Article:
My trip to Quebec was for two reasons. First, the massive Psychedelic Plant medicine I experienced stressed the organs, making my body sluggish. Also, regarding my private practice, I treated 40 to 50 people weekly and observed residual trauma starting to surface. Second, I had never practiced Asana before or visited an ashram. Although I was fortunate to appear during a 30-day teacher training program, I had no prior knowledge of the event or three thousand dollars to join. Still, the Ashram let me visit as a Yogi vacationer. So, I pitched a tent in the secluded forest and witnessed hundreds of people from around the world arrive. Unfortunately, A few attendees recognized me, so living in the forest out of the spotlight did not last too long. Next, I attempted my first yoga class for beginners; it was two hours, and I felt great. After the teacher took me aside and declared, this was not your first yoga class, she laughed; you lied. I explained to her that I studied the philosophy of Yoga but not Asana; maybe by osmosis, my body recalled Asana. Further, the teacher informed me that I was a Yogi from the past and a good omen for the Ashram; she said I would learn quickly. Alternately, she unlocked parts of my body, applying pressure and deep stretching into postures that challenge beginners. It was excruciating, but I liked it; as the pain intensified, I encountered vivid flashbacks of Yoga on the Ganges river shores long ago. Then, I realized I was enduring a psychedelic reality without the substances, and Asana released minimal amounts of DMT. After 2 weeks of intense practice, I went from little flexibility to meditating in full lotus, well ahead of the other students. The Ashram became my home, and the Quebec Mountains my spirit; still, I observed flashbacks of Aboriginals running about the Ashram. Also, I dreamed of a proud native chief running through the forests at night. Eventually, I excelled, and everyone assumed I was a full-time Yogi. But then, a man from India attended the teacher's training to watch the students and ensure they performed their duties. First, he asked to sit and drink tea; I said, of course. Then, he asked if I was doing Karma yoga at the Ashram. I replied that I was not and knew nothing about it. Next, he congratulated me on my karma yoga duties; and transferred me to a location that he said was an honourable space to clean.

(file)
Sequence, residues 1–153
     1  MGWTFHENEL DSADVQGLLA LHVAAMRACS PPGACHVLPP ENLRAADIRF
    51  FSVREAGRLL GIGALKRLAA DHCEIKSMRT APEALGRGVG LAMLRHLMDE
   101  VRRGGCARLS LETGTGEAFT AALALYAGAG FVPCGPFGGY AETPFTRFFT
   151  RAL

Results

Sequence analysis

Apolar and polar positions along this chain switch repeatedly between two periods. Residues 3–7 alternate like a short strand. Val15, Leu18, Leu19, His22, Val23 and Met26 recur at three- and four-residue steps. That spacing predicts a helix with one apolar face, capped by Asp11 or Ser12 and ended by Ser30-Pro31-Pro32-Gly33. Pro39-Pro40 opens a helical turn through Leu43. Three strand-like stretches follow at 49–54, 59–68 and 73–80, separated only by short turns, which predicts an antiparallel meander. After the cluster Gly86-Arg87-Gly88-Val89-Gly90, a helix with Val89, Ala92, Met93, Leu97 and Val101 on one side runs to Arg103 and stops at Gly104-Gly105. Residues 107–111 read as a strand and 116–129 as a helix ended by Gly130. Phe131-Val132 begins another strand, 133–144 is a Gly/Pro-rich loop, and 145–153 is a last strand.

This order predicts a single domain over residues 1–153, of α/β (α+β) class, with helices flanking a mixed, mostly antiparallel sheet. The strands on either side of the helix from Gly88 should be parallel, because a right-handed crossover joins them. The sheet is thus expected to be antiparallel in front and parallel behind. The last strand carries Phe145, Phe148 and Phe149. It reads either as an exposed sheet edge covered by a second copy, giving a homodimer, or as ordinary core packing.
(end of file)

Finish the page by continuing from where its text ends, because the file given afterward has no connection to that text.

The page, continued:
But before we concluded, he asked one more question, have you studied magic and opened the five sheaths? I replied that I activated the five inner light bodies; this sounds the same as the sheaths. He responded by declaring I cheated and doing the same with Asana. So, this man from India is a Yogi and a mystic; he reads the layers in a person's eyes, similar to counting the circles on a cut tree to find its age. Consequently, he said I had more rounds in my eyes than the average person, but the rings were fresh, so I evolved quickly. Also, the mystic explained that In India, we visit cheating as Karma; it's my Karma to take the fastest path necessary every time I get a body. However, there are repercussions to bending time. For example, the Ashram students have noticed the Yogi vacationer; you are excelling, sun tanning by the pool and the Sauna alluding to this path as easy. As a result, the students are distracted and see you as a mentor, except you can't teach because you lack the learning or student process. So now you must go back to the start and spend your days in the peace plane museum, organizing, cleaning, sweeping and mopping the floors. The Peace plane exhibit was built in honour of the Swami Vishnu. He believed that state borders, passports and visas inhibited the chance of unity or peace. Therefore, In 1971, Swami Vishnu Devananda flew a twin-engine plane with no access over the Suez Canal from Israel to Egypt, Pakistan, and India. Also, in 1983, he flew over the Berlin Wall and landed an ultra-light glider in the Berlin field. After meeting the teacher/mystic from India, I began to think deeply, and he was right about the fast path to enlightenment. Besides, I was required to perform at my best without bypassing any spiritual development. Consequently, deviations often go unnoticed in spiritual and religious communities, and I did not want to mature as one of those statistics. So every day, I entered the peace plane museum, swept the floors, dusted the railings and cleaned the windows. Further, I wiped each picture, touched the walls with varnish, and helped fix the entrance door falling off the hinges. Finally, I restocked the shelves with more peace plane passports that bestowed Swami Vishnu messages and handed them to daily visitors. As a result, the museum turned into a place of laughter and joy; fresh blood was pumped into the heart of the Sivananda Ashram.